One of the best books on Lincoln was, in essence, written by the man himself:
Lincoln on Lincoln

One of the best books on Jefferson, similarly portrayed:


But then, I'm biased.
8.4.2009 3:40pm
BZ:
One of the best books on Lincoln was, in essence, written by the man himself:
Lincoln on Lincoln

One of the best books on Jefferson, similarly portrayed:
Jefferson on Jefferson

But then, I'm biased.
8.4.2009 3:42pm
Rich Rostrom (mail):
Jam: And the increase on tariffs played no role whatsoever?

The Morrill Tariff only passed after the Deep South Senators and Representatives withdrew. And in any case, there were lots of pro-tariff Southerners.

And what does Sean Wilentz have to saw about Lincoln's support for the Corwin Amendment?

Quite a bit. Go read his essay.

subpatre: The Virginia secession convention met in February 1861, and the vote for secession failed.

One-third of the convention voted for immediate secession. The vote was 90-45 against. However, the convention remained in session, ready to change its position.

The Virginia legislature had earlier passed a resolution that if the slavery controversy was not resolved on terms acceptable to the South, that is, pro-slavery terms, then Virginia "would join her sister Southern states".

Lincoln, of course, flatly refused to capitulate to the demands of the pro-slavery faction. He insisted on following the Constitution and maintaining the Federal government's lawful authority.

Then the Confederacy fired on Fort Sumter, initiating the war. When the news reached Richmond, delirious crowds packed the streets, cursing Lincoln, cheering for Jeff Davis and the Confederacy, and howling for secession. Then the convention voted 88-55 for secession.

There was no evidence then, nor has any ever been found, that Virginia unionism was dependent on Federal consent to secession. Western Virginia fought for the Union; the Tidewater was a hotbed of secessionism.
8.4.2009 6:21pm
subpatre (mail):
Chris Newman asks, "Can anyone point me to a good historical resource ... colonies pass legislation abolishing slavery only to have them vetoed by the king? It has always struck as a bit disingenuous and self serving for Jefferson to blame the slave trade on King George"

Disingenuous? You are being deliberately obtuse. You run a farm paying wages, when your neighbors run roughly equal farms paying no wages. Who is in business —who even owns the land— after 5 years?
8.5.2009 1:26pm
subpatre (mail):
Rich Rostrom wrote a rich narrative in black-n-white propaganda about "delirious crowds ... cursing ... howling" He said, "Then the Confederacy fired on Fort Sumter, initiating the war."
Whether a prior federation retains rights in seceded territory was —certainly at that time— an unresolved legal question. Virginia, along with Arkansas, Delaware, Kentucky, Maryland, Missouri, North Carolina, and Tennessee thought not. Dominating the political questions was Lincoln's failure [or refusal] to try diplomacy or non-violent resolution. In that, those states proved correct.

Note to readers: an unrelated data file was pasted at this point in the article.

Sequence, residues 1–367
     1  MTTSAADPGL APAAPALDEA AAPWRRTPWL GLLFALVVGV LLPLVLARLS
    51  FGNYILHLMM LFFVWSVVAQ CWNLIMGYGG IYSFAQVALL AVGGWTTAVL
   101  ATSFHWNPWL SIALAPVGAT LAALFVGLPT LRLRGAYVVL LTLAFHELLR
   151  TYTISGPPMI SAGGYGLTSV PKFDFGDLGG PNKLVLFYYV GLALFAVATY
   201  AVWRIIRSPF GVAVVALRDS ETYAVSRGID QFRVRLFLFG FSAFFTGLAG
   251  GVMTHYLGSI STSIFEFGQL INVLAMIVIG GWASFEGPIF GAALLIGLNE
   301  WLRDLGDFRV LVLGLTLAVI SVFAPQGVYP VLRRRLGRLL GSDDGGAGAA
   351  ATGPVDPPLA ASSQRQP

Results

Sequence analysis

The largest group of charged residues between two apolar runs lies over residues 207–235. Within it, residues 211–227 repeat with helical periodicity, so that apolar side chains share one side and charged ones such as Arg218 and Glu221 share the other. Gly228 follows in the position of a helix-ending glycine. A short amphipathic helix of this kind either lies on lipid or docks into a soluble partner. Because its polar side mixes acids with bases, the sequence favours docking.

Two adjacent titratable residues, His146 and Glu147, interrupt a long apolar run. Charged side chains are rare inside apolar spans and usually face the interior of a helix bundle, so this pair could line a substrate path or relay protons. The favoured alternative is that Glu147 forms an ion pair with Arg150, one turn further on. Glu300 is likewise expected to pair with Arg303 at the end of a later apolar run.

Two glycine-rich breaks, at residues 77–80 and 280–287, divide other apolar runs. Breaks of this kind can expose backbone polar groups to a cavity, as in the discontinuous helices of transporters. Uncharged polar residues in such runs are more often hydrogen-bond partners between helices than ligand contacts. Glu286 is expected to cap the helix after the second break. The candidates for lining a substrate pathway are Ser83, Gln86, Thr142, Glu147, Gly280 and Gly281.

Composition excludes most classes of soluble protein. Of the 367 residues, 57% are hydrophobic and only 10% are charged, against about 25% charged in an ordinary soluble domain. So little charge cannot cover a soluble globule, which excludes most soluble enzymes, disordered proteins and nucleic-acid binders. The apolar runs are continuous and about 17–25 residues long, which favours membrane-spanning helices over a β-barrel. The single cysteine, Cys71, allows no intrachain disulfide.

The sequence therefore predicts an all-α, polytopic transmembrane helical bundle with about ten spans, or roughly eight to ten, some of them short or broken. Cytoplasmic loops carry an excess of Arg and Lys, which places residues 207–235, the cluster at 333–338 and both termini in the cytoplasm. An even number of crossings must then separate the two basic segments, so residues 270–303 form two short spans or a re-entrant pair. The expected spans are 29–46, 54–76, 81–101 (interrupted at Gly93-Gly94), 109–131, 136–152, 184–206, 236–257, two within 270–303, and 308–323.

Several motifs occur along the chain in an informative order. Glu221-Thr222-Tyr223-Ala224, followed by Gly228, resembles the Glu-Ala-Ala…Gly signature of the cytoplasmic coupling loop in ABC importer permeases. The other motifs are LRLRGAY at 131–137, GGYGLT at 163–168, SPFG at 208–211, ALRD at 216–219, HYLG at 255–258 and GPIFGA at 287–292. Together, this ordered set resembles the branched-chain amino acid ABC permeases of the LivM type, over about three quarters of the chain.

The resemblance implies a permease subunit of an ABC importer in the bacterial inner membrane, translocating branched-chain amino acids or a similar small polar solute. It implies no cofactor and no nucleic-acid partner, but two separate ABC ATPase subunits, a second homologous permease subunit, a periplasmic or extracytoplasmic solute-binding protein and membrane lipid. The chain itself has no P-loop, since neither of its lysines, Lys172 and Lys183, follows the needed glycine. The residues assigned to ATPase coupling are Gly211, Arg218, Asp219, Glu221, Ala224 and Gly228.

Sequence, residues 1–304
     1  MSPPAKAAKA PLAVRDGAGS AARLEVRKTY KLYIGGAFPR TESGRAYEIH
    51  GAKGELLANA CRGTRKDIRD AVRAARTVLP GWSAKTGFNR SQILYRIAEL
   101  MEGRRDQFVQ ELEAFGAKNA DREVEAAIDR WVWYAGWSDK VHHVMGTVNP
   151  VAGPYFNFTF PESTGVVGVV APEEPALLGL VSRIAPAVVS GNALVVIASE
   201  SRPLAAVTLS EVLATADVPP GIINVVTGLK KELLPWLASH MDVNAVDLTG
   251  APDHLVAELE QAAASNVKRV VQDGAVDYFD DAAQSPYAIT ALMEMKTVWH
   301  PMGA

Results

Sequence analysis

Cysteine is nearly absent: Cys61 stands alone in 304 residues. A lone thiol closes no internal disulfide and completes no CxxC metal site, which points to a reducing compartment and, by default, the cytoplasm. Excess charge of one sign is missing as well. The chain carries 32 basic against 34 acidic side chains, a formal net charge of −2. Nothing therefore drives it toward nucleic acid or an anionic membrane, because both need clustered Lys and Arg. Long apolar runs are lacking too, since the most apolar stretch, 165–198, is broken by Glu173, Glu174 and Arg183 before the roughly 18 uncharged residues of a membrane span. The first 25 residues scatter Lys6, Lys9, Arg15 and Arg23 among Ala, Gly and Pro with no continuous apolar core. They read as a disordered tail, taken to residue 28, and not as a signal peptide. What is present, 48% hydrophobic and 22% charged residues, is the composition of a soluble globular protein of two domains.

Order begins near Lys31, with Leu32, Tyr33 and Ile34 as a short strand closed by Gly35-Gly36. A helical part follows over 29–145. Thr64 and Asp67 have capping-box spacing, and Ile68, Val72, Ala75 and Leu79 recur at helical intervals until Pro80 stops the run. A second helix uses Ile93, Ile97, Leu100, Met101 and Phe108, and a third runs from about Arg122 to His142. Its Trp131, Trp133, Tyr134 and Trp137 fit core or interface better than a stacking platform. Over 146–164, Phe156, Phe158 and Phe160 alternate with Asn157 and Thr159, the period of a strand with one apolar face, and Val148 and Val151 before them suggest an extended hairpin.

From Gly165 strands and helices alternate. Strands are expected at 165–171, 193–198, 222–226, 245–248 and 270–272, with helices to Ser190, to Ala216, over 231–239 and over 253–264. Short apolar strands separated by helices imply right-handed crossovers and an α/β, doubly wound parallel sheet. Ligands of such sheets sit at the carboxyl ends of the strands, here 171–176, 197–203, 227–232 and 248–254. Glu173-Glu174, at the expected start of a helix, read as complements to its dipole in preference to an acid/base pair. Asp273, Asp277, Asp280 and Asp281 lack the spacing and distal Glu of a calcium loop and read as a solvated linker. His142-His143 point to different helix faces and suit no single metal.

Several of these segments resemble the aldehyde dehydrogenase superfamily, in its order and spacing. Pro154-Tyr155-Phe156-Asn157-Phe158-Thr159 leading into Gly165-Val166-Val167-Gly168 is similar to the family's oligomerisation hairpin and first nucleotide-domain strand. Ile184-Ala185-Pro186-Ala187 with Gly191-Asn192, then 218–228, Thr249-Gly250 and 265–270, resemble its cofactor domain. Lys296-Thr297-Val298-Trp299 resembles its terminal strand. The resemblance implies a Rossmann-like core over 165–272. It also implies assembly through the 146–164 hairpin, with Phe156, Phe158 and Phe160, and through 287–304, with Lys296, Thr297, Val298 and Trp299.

Rich Rostrom claims, "One-third of the convention voted for immediate secession... 90-45 against." and then later "When the news reached Richmond, delirious crowds packed the streets, cursing Lincoln, cheering for Jeff Davis and the Confederacy, and howling for secession. Then the convention voted 88-55 for secession."

The Rich narrative ignores that Virginia's convention nor legislature could force secession. "We the people ..." established the union, and Virginians believed that only "we the people" could dissolve it. In their eyes —and their legal and political establishments— only a popular referendum 'of the people' could decide the matter.

The Rich narrative says "Western Virginia fought for the Union; the Tidewater was a hotbed of secessionism." which is untrue*. The secession vote was not linked to slavery, but appears to be based on proximity to (navigation?) the Potomac, Monongahela, and especially Ohio Rivers.

Of lesser importance (but validating the above) is the convention's one-third swing, far more conservative than the 6:1 statewide vote. So also is the western Shenandoah Valley's 50:1 vote —24% of the state total— from an area of small, independent, non-plantation, farms.

Inconvenient truths to Rich Rostrom's narrative. Lincoln's calculations were simple: he won election without a single southern vote; he wasn't on the ballot in most. Although he didn't need any southern states, neither could Lincoln spare any support in the north.


*Many 'narratives' like Rostrom's mistake their desired results (everything being about slavery) with fact. Slaves made up about one-quarter of Virginia's total population, and slave proportions were generally highest in the eastern, flatland, commodity-plantation areas; and decreased toward the west. The secession vote was not based —statistically or politically— on the presence of or dependence on slaves.
8.5.2009 5:30pm